CSA Releases Cloud Threat Modeling
July 30, 2021
Cloud Security Alliance (CSA) released its latest guide, Cloud Threat Modeling.
Written by the CSA Top Threats Working Group, the document provides cloud and
security practitioners responsible for system preparedness with critical
guidance on conducting threat modeling for cloud applications, their services,
and surrounding security decisions. To facilitate the exercise, the guide
features cloud threat modeling cards (Threat, Vulnerability, Asset, and Control)
and a reference model that organizations can use to create their own cloud
threat model, thereby honing their risk management process and maturing their
overall cybersecurity program in the process.
Threat modeling is an essential practice for software and systems security —
doubly so for cloud software, systems, and services — and it’s imperative that
organizations develop a structured and repeatable approach for modeling threats
in order to successfully anticipate and mitigate cyberattacks.
“The fast pace of cloud adoption has surpassed some security methodologies that
were honed over the course of 40 years of information technology development.
Threat modeling is one of those security methodologies that, unfortunately,
hasn’t kept pace with the rate of cloud adoption. As such, there is a great deal
of benefit to be had in aligning the critical practice of threat modeling with
cloud services, technologies, and models. This guide serves to close the gap and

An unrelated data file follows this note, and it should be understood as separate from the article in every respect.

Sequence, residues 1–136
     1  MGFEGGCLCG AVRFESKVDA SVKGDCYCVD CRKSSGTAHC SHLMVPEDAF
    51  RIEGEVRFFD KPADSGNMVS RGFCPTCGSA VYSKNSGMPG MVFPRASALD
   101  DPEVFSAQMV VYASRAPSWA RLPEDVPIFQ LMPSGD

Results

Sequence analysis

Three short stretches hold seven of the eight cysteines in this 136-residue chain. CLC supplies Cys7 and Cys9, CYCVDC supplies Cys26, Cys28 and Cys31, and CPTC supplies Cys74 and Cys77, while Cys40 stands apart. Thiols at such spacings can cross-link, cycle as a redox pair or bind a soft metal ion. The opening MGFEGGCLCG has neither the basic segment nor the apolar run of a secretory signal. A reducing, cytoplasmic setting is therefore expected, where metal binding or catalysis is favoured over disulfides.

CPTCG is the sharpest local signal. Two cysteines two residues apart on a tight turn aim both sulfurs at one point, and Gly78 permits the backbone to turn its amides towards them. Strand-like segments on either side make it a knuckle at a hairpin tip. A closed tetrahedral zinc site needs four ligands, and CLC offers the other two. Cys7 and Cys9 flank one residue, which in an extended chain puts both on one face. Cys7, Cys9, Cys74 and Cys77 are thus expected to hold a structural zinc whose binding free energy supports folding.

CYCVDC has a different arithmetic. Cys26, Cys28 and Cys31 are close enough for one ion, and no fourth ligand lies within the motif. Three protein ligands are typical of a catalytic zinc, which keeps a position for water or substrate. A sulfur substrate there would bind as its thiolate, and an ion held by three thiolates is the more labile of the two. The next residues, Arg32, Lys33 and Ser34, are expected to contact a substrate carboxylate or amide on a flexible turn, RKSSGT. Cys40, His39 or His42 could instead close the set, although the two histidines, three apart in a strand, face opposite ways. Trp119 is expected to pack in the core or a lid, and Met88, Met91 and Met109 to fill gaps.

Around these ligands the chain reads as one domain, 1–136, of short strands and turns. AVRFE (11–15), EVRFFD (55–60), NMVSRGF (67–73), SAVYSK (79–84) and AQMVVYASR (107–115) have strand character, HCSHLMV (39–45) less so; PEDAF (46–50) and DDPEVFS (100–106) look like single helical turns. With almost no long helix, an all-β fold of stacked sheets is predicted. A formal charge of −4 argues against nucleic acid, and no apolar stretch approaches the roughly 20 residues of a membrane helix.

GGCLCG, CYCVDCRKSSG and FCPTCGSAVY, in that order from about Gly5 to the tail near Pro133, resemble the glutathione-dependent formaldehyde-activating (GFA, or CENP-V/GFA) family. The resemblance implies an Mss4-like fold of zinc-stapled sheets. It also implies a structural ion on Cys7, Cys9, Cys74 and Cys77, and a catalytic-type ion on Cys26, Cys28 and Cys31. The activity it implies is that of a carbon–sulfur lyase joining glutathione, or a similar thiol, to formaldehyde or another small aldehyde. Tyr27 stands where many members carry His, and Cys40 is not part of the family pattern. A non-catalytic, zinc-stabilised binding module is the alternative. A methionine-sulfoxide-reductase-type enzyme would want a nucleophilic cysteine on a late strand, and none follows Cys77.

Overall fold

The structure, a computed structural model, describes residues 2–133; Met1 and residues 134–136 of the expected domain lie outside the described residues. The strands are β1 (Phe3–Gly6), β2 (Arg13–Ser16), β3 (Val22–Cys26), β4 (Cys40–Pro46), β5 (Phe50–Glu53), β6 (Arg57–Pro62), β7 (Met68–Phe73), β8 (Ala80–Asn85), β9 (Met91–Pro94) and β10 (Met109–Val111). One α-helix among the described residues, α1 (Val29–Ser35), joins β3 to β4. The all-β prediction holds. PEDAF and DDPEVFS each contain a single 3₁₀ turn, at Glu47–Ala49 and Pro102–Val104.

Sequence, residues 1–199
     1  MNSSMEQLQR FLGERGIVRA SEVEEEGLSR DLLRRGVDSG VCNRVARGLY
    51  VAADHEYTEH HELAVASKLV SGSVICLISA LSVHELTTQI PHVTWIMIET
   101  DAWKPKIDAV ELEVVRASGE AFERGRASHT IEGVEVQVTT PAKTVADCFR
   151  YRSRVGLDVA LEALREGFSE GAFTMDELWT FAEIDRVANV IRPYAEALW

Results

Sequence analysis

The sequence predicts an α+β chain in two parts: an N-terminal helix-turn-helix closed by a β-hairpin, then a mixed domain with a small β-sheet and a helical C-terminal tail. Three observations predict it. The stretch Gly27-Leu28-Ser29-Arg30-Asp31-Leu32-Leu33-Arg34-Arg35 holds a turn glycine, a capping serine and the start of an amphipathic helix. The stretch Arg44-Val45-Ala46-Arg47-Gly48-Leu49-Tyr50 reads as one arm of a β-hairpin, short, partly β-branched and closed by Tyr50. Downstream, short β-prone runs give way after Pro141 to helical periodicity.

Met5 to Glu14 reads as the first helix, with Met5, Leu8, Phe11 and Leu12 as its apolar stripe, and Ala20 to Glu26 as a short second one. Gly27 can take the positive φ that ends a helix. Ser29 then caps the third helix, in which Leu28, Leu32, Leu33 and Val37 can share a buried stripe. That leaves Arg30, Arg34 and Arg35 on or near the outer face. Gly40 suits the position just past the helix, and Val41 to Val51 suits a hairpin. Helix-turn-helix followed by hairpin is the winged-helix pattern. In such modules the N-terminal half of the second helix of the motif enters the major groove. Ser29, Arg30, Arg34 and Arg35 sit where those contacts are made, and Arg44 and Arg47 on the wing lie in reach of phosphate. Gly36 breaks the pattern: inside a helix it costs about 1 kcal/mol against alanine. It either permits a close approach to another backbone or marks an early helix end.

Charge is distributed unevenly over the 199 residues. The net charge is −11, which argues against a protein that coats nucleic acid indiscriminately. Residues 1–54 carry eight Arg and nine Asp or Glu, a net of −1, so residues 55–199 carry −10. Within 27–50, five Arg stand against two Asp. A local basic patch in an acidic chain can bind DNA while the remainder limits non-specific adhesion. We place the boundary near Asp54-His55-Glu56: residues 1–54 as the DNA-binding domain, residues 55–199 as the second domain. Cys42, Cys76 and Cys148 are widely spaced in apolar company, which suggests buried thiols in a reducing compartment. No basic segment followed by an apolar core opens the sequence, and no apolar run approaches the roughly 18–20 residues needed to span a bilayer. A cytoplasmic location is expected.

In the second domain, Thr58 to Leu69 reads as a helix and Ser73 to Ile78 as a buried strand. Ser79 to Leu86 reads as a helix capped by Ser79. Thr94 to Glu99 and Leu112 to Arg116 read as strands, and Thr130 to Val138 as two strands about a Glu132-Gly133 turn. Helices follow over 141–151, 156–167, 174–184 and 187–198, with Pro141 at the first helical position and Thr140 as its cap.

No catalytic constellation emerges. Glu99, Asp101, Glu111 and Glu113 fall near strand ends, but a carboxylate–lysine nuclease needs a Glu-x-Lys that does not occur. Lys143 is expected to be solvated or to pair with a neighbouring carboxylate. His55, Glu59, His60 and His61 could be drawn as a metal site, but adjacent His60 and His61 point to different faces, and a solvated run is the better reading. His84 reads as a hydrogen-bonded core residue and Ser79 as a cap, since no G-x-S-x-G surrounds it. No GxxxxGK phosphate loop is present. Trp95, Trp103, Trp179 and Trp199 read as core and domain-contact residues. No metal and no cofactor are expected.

set enterprises off on their own threat modeling journey,” said Alex Getsin,
co-chair, Top Threats Working Group and the paper’s lead author.
document notes that while standard and cloud threat modeling share basic
methodologies and a joint purpose, there are meaningful differences, especially
those pertaining to the threats themselves, consideration of the Cloud Service
Model, and how the output is ultimately used. By means of illustration, the
guide addresses several concerns from the group’s previous publication, Top
Threats to Cloud Computing: Egregious Eleven. [A tabletop exercise based on the
guidance and an announcement of top threats for 2021 will take place at CSA’s
premier event, SECtember (Sept. 13-17, Bellevue, Wash.).] Moreover, cloud threat
modeling requires highly specific industry knowledge and encompasses
cloud-unique considerations such as defining the security responsibilities of
both the cloud service provider and its users.
"Cloud threat modeling paves the way for deeper security discussions. It
provides organizations with a framework for not only assessing their security
controls and hence, their gaps, but a means of developing appropriate mitigation
steps. In today’s cloud-dominant business environment, where a great deal of
abstraction and poorly defined shared responsibility boundaries still persist,
cloud threat modeling allows organizations to reach cloud design and threat
mitigation decisions faster and more efficiently," said John Yeoh, Global Vice
President of Research, Cloud Security Alliance.